These they would launch and sail with amazing dexterity for the islands where their assistance was needed. It is clear, too, that when the [locals] in the other islands were defeated and had to flee, it was to St. Vincent they came. For instance, Van der Plas suggests that the Bayabous, a tribe of [locals], were forced to flee their native Guadeloupe and settle near to a river midway on the east coast of St. Vincent, thus giving the place their name Biabou, which today is a large village about 13 miles from Kingstown, the capital of St. Vincent.”
According to various historical accounts, it was the colonial powers of England that decimated the livelihoods of the local population in the 1700s, and forcibly relocated many to live along the foothills of the La Soufriere. It was not because those lands were deemed best suited for residential purposes. This historical wrong has deeply impacted our Vincentian DNA. It also narrowed the scope for meaningful urban planning and development in SVG. Unquestionably, it also forms part of our quest for reparations following the myriad of genocidal and other atrocities committed against our forebears by the colonial forces.
After decades of resistance to the get rich quick schemes of the invading English, a reservation was created, “at Old Sandy Bay, which, like all reservations, proved inadequate. The first Government to take any interest in these people removed them to their present home, New Sandy Bay, a much less inhospitable area. Such of the [Garifuna] as did not surrender, the most elusive ones, went into the bush mainly in the Upper Massarica Valley now known as [Greiggs]. Later they were given a reservation in this same area at the foothills of Petit Bonum. Others on the Leeward side were given an impossible area at Morne Ronde and near the Lariki River, where only iguanas seem able to survive. The [Garifuna] in the latter areas fled in terror before the 1812 eruption of the Soufriere, both Morne Ronde and Lariki lying directly in the path of mud, dust and ash coming from the volcano. Afterwards they were given lands at Rose Bank and Windsor Forest. A few migrated to Trinidad in 1812”, I.E Kirby & C.I Martin, (1972).
In a previous article, the 2021 SVG Volcano Eruption: Impact, Response, Resilience, Recovery & Reconstruction; we observed, among other things, the challenges associated with the process of recovery and reconstruction in communities to the extreme north of St Vincent. Although that process isn’t an impossible task, for some residents it will be too expensive. In some circles, residents of communities closer to the volcano are being persuaded not to resettle in the face of active danger, ongoing disruption of lives, livelihoods, and the destruction of property. Others posit an opposing view to stifled calls for the abandonment of villages north of the Rabacca valley.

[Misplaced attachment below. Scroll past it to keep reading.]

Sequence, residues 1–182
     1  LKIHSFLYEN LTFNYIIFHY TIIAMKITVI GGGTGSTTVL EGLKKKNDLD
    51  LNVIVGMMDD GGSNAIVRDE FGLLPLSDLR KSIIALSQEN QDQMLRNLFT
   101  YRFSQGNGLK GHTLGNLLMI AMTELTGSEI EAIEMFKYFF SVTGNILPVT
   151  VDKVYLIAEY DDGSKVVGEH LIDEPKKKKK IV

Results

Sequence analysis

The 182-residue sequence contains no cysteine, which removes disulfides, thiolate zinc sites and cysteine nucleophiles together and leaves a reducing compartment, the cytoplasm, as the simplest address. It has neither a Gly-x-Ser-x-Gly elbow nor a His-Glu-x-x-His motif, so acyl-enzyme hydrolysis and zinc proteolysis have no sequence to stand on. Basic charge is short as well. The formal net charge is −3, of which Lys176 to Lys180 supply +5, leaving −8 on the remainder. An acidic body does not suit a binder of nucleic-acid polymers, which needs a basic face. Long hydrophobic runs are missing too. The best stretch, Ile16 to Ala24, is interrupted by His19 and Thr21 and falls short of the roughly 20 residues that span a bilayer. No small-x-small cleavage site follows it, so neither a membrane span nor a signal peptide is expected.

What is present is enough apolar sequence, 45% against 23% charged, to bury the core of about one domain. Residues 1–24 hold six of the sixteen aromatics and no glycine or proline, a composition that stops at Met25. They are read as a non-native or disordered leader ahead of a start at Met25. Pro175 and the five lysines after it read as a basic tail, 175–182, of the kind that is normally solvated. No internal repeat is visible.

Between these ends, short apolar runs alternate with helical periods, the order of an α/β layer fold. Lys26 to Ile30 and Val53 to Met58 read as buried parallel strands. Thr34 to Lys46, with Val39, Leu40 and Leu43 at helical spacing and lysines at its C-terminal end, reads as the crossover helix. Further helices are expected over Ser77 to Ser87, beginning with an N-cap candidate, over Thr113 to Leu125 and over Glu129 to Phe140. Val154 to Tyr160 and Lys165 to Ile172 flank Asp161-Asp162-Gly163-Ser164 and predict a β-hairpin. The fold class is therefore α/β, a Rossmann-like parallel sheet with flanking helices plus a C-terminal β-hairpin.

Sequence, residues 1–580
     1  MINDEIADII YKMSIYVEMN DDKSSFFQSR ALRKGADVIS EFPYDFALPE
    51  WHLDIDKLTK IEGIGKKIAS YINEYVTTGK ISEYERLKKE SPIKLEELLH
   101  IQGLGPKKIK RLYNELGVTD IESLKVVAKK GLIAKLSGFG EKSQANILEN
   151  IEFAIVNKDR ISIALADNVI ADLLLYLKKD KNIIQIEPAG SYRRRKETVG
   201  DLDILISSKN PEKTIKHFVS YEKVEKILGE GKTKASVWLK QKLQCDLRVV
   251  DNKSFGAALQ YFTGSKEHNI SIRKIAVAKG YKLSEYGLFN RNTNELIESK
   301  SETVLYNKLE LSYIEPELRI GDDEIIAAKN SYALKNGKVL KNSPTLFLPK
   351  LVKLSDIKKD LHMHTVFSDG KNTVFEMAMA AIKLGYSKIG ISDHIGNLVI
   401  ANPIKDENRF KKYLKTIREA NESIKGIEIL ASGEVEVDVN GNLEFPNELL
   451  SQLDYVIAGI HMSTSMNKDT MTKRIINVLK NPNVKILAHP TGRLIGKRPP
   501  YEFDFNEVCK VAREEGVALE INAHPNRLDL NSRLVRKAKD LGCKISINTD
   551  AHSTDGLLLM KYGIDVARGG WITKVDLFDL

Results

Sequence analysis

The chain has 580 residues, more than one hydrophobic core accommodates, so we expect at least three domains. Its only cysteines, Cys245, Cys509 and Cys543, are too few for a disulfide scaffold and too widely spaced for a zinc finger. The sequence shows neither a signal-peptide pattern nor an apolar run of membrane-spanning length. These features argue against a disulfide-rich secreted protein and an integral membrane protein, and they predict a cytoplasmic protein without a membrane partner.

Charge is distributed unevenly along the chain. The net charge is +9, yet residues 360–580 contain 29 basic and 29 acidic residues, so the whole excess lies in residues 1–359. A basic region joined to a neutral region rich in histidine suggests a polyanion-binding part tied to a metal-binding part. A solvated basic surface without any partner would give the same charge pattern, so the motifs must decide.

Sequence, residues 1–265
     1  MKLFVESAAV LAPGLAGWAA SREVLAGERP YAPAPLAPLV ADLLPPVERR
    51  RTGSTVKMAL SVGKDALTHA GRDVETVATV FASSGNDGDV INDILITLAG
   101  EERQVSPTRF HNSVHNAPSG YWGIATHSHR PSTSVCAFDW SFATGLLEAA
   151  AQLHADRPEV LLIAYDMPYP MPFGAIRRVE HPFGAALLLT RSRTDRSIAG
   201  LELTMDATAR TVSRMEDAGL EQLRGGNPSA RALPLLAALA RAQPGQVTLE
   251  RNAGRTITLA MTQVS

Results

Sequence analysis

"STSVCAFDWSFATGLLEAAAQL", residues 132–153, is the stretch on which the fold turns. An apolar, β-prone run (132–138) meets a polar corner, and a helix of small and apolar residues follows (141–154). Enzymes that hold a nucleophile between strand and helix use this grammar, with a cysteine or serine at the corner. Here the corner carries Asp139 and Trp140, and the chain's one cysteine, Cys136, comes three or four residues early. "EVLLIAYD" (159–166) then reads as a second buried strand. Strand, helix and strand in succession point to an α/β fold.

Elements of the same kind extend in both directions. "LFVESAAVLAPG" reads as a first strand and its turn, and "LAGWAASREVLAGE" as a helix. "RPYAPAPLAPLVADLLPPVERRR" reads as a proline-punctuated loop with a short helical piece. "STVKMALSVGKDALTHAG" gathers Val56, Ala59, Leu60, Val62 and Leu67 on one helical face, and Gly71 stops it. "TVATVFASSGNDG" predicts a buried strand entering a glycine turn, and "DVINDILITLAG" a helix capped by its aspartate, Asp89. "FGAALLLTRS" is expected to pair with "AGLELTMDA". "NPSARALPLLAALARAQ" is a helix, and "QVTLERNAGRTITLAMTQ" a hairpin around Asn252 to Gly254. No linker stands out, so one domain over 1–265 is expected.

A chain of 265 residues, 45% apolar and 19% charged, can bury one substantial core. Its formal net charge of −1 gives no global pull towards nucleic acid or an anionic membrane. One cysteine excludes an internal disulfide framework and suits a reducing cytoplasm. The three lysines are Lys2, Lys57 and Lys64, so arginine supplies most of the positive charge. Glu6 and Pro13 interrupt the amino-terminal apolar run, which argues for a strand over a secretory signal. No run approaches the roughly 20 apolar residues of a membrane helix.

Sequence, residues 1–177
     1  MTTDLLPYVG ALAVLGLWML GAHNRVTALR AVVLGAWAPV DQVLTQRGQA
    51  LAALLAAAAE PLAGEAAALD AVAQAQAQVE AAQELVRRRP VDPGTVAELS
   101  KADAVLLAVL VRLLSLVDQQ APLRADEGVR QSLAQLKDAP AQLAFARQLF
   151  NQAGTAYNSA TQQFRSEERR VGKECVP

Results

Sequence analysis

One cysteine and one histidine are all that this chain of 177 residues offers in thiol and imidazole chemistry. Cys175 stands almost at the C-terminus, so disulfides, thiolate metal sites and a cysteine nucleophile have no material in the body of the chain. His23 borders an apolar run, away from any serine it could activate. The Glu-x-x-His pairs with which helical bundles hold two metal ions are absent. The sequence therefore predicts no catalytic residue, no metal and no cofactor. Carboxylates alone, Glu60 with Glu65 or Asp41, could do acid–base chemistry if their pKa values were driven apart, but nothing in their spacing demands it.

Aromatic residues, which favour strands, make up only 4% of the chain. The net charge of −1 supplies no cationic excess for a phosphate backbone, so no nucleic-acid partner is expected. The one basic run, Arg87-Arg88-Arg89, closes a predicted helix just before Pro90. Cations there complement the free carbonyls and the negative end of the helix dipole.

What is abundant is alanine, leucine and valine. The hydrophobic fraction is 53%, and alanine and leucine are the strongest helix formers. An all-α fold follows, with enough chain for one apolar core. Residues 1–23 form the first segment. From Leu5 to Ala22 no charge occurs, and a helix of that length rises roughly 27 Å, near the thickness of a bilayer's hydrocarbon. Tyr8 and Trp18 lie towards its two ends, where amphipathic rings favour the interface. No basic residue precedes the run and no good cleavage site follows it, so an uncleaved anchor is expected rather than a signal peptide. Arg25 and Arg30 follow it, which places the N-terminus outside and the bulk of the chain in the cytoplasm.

Fortuitously, there may very well be a practical solution to this centuries-old problem. Alternatively, we can consider a land exchange arrangement for residents seeking to relocate from the extreme northeast and northwestern sections of the mainland. I am not suggesting an abandonment of the pristine communities located north of Chateaubelair or the Rabacca river. On the contrary, we propose a mutually beneficial land exchange arrangement for persons who are unable to reconstruct, or those seeking to relocate further south. This is expected to be, undoubtedly, transformational. This would give planning and other government agencies ample room for disaster mitigation and response considerations in the areas identified as most vulnerable.
An arrangement of this type could be buttressed by an environmental protection covenant. A land-use policy to guide future activities in those areas most prone to volcanic and other disasters. This covenant would determine allocations for residential and commercial property development in specific areas, guided by strict building codes.
The land-use policy would also provide renewed guidance for agricultural and industrial activities – such as light manufacturing, farming and agro-processing; eco and heritage tourism, inclusive of recreational, entertainment and hospitality based investments. This approach will demand development guidelines without ambiguity.
Lands suitable for the creation of new residential communities are located across St. Vincent and the Grenadines. Hundreds of acres of government and privately owned lands in areas of the country that are further removed from our majestic La Soufriere. There is Park Estate in Bequia where government owns somewhere in the region of 675 acres of land. There are 75 acres of government-owned lands in Fenton of which at least 50 acres can be transformed into safe residential accommodation for displaced nationals. Also, there are portions of government-owned lands along the Mandela/Leeward Highway, between the western towns of Layou and Barrouallie. Also, there is the Mount William Estate, near Byrea Village, where a small portion of an estimated 2500 acres of privately owned lands can be transformed into a residential community, without stepping unto the traditional farmlands. I am confident that a transformative approach of this type can help us address many of the perennial problems that threaten sustainable development in the northeast and northwest of mainland St. Vincent.
We can’t wait for the dust to settle after a commendable national emergency response to the April 9th 2021 explosive eruption of La Soufriere. There are uncertainties hovering over the length of time evacuees will remain in shelters, adding to further loss of instructional time for students in primary and secondary schools. Even in this apparent moment of despair, we have a unique opportunity to swiftly open all doors to an emergency relocation and reconstruction program. The clock is ticking.